Speaking to the Associated Press from hiding, the man said he is an Israeli-born Jewish writer and real estate developer in California. The purported filmmaker said he wanted to make a provocative movie to help expose Islam's flaws to the world.
But there is no public record of a person with that name and profession in California, and Israeli officials say there is no record either of his being a citizen of Israel.
Steve Klein, a Christian activist who says he was a consultant for the movie, told reporters that Sam Bacile is a pseudonym and that the filmmaker is not Israeli and probably not even Jewish. He said Bacile contacted him because Klein leads anti-Islam protests outside mosques and schools.
Klein also said about 15 people worked on the film, all of them American citizens, but some of them are from Syria, Turkey, Pakistan, Egypt and elsewhere.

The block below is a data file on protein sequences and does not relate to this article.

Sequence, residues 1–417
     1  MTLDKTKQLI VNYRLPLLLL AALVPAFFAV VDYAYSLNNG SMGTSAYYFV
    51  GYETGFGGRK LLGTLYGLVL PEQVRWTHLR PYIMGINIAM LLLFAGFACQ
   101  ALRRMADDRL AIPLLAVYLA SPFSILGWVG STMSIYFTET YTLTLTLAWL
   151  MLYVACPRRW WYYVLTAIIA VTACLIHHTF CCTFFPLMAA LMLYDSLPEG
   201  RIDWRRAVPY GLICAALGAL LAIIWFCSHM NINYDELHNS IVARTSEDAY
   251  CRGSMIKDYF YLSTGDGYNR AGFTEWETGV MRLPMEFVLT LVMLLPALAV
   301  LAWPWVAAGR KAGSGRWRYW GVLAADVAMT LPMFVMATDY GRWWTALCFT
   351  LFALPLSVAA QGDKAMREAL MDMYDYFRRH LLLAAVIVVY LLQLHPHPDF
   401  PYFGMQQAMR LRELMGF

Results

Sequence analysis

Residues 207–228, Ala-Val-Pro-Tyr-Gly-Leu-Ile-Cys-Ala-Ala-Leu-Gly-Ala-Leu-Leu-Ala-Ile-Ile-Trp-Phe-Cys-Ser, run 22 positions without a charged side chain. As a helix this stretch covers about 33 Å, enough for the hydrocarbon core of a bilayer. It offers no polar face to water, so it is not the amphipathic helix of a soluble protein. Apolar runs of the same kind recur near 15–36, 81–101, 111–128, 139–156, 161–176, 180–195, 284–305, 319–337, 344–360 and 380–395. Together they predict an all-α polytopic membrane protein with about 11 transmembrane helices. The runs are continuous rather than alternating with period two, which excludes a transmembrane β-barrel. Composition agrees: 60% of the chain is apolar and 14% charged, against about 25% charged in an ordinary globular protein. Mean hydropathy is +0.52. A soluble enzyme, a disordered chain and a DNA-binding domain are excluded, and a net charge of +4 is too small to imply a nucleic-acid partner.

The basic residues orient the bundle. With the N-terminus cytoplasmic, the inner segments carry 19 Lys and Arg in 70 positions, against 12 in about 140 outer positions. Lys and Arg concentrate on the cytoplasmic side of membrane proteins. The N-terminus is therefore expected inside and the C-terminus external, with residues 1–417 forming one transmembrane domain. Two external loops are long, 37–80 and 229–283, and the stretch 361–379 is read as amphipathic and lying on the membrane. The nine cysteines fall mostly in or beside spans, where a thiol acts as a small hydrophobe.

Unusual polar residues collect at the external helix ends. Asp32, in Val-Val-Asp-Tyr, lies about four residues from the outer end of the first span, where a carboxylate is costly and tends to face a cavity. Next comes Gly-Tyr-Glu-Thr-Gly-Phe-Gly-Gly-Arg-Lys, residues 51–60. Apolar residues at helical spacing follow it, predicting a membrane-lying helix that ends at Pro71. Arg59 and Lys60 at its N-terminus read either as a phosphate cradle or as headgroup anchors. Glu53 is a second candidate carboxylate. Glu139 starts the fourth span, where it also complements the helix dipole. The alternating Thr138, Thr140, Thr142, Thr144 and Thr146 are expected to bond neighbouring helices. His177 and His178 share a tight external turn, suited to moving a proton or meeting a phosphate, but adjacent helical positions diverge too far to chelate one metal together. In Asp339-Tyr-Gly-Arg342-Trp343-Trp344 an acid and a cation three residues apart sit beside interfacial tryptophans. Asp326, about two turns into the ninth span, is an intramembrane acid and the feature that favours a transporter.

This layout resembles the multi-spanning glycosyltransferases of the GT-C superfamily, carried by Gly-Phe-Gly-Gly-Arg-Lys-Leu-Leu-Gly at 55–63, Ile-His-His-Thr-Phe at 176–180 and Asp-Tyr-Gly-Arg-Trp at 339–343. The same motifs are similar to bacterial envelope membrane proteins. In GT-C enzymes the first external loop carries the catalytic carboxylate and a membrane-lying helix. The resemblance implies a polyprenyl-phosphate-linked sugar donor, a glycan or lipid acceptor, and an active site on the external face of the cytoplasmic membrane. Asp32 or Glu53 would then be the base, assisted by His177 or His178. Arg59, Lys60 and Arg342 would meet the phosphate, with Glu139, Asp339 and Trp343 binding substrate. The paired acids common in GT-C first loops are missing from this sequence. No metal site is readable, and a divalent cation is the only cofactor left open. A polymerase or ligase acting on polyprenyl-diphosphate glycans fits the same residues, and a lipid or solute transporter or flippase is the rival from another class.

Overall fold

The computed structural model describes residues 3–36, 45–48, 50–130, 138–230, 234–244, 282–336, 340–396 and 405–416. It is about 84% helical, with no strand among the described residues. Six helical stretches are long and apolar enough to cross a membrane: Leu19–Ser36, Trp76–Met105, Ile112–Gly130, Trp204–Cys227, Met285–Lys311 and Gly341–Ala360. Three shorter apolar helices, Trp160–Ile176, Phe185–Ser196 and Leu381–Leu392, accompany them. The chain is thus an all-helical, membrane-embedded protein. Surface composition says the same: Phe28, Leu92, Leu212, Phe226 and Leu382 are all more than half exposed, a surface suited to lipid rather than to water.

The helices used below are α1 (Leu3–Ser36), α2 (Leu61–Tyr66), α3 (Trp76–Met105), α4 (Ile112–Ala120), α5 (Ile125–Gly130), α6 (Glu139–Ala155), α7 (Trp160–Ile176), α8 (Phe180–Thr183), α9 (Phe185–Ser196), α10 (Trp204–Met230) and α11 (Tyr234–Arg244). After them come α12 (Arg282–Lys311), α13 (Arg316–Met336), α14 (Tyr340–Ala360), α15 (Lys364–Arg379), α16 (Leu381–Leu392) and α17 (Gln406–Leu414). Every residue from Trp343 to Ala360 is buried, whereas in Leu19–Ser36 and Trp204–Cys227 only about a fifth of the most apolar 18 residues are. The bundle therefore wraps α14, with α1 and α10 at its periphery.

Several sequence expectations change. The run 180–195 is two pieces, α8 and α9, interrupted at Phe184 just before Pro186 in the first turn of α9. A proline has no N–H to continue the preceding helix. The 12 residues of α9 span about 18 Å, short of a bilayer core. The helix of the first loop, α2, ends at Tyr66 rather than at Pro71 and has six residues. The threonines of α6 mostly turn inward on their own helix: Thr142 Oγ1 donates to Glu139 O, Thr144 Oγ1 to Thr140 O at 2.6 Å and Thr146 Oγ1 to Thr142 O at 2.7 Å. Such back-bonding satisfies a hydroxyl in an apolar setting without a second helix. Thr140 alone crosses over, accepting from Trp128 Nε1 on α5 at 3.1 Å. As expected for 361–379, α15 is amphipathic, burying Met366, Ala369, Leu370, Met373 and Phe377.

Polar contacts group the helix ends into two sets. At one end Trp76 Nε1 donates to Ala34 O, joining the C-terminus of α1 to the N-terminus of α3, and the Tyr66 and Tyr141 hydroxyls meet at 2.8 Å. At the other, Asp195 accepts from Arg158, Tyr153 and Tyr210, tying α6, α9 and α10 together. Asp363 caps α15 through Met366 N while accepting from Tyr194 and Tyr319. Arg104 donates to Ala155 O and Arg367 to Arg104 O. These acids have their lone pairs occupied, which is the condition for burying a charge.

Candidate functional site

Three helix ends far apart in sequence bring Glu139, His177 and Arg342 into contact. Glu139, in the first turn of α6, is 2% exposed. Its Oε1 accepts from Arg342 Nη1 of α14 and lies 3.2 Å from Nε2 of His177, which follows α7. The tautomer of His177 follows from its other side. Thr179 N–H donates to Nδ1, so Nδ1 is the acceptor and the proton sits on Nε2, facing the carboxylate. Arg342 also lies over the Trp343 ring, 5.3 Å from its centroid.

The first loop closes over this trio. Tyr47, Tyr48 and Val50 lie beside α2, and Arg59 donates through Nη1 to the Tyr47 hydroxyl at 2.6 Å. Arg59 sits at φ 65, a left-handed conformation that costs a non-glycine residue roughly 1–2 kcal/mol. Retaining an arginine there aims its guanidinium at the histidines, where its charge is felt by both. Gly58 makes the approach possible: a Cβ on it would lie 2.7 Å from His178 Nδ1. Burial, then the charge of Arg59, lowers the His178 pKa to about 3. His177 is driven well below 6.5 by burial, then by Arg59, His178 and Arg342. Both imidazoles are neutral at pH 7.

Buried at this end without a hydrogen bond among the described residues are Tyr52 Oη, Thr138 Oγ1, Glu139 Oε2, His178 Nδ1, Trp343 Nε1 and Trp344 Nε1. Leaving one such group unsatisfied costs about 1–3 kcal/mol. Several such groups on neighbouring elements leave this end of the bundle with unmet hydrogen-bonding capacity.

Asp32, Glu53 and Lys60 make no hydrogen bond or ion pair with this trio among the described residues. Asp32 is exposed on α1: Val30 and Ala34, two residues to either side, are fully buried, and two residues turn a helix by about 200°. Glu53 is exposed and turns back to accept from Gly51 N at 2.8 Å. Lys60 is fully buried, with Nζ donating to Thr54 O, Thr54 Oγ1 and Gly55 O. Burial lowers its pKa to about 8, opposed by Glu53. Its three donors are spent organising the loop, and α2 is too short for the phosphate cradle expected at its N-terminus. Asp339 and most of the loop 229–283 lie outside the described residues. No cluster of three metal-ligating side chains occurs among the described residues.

He said Bacile is concerned about the safety of his family, which he said is in Egypt.
It is not clear how many people saw the two-hour movie, but the 14-minute trailer in English and Arabic, posted on YouTube, sparked anger among ultra-conservative Muslims in Egypt, Libya and elsewhere. It shows the Muslim prophet as a fraud, a womanizer and a terrorist.
During a protest outside the U.S. consulate in Benghazi Tuesday, unknown gunmen killed U.S. Ambassador to Libya Christopher Stevens and three other U.S. staff members.
The man calling himself Bacile was sorry about the ambassador's death, but he blamed the security system at the U.S. mission.